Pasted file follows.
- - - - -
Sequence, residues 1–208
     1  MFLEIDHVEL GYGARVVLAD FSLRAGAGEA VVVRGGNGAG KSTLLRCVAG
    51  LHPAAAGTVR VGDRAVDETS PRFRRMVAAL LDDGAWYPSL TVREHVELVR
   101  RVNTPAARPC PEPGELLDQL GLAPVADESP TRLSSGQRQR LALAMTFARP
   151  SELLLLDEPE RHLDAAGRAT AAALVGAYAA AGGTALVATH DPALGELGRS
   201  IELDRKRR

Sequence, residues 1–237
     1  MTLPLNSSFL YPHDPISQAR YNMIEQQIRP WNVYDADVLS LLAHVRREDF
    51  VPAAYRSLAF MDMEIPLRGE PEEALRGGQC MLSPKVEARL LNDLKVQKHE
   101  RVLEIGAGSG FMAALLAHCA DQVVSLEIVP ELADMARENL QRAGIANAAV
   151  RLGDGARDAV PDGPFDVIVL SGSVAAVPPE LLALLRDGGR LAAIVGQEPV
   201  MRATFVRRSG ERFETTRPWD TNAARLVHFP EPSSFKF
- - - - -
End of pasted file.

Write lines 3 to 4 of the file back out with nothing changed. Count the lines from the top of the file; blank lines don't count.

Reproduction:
    51  LHPAAAGTVR VGDRAVDETS PRFRRMVAAL LDDGAWYPSL TVREHVELVR
   101  RVNTPAARPC PEPGELLDQL GLAPVADESP TRLSSGQRQR LALAMTFARP